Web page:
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For Pinellas County Commission

Republicans and Democrats each have one countywide primary election for the Pinellas County Commission. The Aug. 26 primary winners each will face an opponent in the November general election. Both of these commission seats are open because the incumbents are not seeking re-election.

Jane Gallucci for Republicans

District 1 (countywide)

Former Safety Harbor City Commissioner Neil Brickfield and Pinellas School Board member Jane Gallucci have each shown leadership skills and a strong work ethic in office. Gallucci has more experience and offers a less partisan, more moderate approach to governing.

Gallucci, 59, of Clearwater is a former school guidance counselor who has been on the School Board since 1996. Brickfield, a 44-year-old public affairs consultant, was a Safety Harbor city commissioner from 2000 to 2004. The winner will face Democrat Paul Matton in November and fill the seat now held by Ronnie Duncan.

As a Safety Harbor commissioner and in an unsuccessful run for the County Commission in 2004, Brickfield proved to be a hard worker and relished a good fight. He has a strong grasp of the details of Pinellas government. But his partisanship and willingness to throw sharp elbows would not be welcome on a commission where collaboration is critical and most issues are more practical than ideological.

On the School Board, Gallucci has gained experience with large budgets and countywide issues. While other members of the board often veered off course into micromanagement, Gallucci understood her role was as a policymaker. She honed her leadership skills as chairman of the School Board and president of both the state and national School Boards Association. She also has served on the Pinellas Planning Council, where she became familiar with growth and development issues throughout the county. She did her homework and rejected pettiness and gamesmanship.

Gallucci's instinct is to seek input from others and conduct business openly. She supports the county's affordable housing initiatives and agrees there is a need to consolidate fire and emergency medical services if all parties help design the new system. To promote job growth, Gallucci wants to identify occupations that need workers and encourage the school system to graduate students with national certification in those fields.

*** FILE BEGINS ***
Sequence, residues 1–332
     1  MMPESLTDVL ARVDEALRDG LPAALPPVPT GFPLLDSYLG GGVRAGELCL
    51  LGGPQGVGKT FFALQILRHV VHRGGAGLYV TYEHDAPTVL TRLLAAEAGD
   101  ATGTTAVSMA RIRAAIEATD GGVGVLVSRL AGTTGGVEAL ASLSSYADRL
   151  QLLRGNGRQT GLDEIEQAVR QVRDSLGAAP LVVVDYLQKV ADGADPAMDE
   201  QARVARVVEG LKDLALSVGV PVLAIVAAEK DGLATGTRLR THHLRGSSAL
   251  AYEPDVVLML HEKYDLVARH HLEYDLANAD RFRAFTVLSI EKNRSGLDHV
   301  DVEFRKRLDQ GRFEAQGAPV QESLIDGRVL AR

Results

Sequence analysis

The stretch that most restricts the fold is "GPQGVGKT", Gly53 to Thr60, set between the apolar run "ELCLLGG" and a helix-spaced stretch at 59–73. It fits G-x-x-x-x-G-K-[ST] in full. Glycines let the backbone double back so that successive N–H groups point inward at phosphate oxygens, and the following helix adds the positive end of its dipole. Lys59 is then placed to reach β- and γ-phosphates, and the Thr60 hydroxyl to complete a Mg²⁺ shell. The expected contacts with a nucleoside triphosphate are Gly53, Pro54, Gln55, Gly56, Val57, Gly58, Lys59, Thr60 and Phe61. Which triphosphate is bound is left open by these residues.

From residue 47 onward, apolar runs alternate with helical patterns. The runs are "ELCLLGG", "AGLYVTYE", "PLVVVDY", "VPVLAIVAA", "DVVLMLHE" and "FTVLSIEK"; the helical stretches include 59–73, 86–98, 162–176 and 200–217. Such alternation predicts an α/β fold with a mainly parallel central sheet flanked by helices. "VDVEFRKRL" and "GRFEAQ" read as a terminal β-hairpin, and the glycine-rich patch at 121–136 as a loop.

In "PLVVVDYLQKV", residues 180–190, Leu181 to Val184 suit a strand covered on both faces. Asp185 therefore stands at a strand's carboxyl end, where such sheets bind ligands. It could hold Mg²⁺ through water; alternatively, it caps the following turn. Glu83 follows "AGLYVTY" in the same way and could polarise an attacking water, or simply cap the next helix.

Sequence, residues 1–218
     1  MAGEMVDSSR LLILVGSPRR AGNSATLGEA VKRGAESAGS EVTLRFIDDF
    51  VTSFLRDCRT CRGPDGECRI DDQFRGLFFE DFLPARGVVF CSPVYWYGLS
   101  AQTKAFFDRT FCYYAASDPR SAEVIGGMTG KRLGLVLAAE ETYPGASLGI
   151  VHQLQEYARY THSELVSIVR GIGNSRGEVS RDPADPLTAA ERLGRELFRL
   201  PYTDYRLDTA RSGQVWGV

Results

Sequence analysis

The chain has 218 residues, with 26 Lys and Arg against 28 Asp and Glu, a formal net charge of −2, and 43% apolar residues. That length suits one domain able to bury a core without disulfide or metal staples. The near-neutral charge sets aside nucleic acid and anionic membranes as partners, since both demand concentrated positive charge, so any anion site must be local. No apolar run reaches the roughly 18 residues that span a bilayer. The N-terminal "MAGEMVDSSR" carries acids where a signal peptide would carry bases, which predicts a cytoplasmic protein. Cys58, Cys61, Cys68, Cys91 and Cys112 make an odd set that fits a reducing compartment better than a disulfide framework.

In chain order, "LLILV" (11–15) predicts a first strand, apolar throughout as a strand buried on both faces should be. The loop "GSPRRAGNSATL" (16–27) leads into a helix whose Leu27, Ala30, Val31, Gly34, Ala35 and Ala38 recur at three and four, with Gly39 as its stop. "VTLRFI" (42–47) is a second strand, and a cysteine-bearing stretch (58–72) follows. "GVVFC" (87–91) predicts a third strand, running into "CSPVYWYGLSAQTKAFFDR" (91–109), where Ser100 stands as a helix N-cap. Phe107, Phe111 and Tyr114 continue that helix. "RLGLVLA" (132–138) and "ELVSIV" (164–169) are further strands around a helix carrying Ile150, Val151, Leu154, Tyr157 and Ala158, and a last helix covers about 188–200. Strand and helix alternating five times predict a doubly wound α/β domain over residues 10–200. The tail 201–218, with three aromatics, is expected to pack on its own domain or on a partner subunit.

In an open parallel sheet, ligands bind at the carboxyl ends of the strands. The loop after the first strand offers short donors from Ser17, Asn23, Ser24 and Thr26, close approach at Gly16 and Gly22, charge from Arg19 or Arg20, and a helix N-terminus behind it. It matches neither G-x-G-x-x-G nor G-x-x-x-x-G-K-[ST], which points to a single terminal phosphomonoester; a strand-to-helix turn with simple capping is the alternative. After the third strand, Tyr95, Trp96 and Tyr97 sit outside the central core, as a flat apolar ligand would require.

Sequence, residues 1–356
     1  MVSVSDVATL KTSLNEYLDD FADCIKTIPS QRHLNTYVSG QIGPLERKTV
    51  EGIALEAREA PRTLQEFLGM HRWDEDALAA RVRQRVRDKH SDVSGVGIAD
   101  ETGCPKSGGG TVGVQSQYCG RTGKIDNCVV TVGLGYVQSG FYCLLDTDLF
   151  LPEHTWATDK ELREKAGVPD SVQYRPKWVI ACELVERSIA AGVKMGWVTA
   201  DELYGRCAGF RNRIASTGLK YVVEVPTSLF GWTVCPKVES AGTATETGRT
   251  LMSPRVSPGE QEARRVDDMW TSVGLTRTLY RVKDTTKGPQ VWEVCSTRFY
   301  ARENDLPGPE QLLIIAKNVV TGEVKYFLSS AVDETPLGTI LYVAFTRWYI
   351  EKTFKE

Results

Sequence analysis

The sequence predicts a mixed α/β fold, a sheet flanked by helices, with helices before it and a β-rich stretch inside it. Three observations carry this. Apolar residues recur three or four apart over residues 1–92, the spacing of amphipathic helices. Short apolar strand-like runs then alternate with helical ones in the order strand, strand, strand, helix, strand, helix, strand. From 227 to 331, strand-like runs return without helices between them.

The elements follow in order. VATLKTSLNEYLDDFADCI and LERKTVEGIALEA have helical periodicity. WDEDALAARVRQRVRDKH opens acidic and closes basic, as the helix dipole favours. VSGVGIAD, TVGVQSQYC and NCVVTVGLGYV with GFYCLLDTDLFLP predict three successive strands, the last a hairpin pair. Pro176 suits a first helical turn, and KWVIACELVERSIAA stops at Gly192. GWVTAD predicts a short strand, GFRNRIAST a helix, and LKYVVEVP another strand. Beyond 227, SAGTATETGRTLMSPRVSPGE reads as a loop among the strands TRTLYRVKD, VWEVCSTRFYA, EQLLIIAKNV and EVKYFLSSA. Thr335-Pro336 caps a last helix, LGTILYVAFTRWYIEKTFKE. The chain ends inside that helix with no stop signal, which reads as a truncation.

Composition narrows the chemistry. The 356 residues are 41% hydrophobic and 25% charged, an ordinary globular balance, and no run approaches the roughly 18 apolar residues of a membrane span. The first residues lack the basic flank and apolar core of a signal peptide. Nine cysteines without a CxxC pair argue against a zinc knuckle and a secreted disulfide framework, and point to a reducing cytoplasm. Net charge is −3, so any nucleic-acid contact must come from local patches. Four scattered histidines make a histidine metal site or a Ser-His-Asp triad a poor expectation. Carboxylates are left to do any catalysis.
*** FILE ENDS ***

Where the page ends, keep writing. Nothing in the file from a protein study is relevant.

In the Republican primary for Pinellas County Commission District 1, the Times recommends Jane Gallucci.

Darden Rice for Democrats

District 3 (countywide)

Democrats have two credible candidates from St. Petersburg in the countywide primary for District 3: former City Council member Rene Flowers and civic activist Darden Rice. The winner will face Republican Nancy Bostock, a Pinellas County School Board member, in the November general election and succeed Bob Stewart.

Rice, 38, would be a breath of fresh air on the commission. The Southeast project director of Oceana, an international ocean protection group, has a strong record of advocacy through her work with the Sierra Club and St. Petersburg's Council of Neighborhood Associations. Her grass-roots connections would be welcome on a commission that too often appears isolated from its constituents.

Flowers, 43, served two steady if unspectacular terms on the St. Petersburg City Council from 1999 to 2008. She joined a group of other council members to create a more business-like, collegial atmosphere after years of petty infighting. On the council and as chairman of the Florida League of Cities, Flowers was a forceful advocate for affordable housing. She also stresses her expertise with government budgets in an era of declining tax revenues and her ability to work cooperatively to meet common goals.

While both Democrats are solid candidates, Rice would bring new energy and particular experience and sensibilities to environmental and development issues that the commission has been lacking. She has worked to create strong protections for the Brooker Creek Preserve, and she also has a good grasp of other areas that should dispel any concerns that she is a one-issue candidate. Rice wants to make mass transit a higher priority and set higher goals for affordable housing. She supports pursuing consolidation of fire and medical services, and she is open to exploring how the county could use the resort tax or other sources to help pay for a new stadium for the Tampa Bay Rays. She is a quick learner who can work effectively outside her comfort zone and a more well-rounded candidate than when she unsuccessfully ran for the St. Petersburg City Council in 2005.

In the Democratic primary for Pinellas County Commission District 3, the Times recommends Darden Rice.



Opportunity to reply The Times offers candidates not recommended by the editorial board an opportunity to reply. Candidates for County Commission should send their replies no later than 5 p.m. Monday to: Philip Gailey, editor of editorials, St. Petersburg Times, P.O. Box 1121, St. Petersburg, FL 33731; by fax: (727) 893-8675; or online at: www.tampabay.com/letters. Replies are limited to 200 words.

For Pinellas County Commission 08/06/08 [Last modified: Tuesday, August 12, 2008 6:30pm]

    

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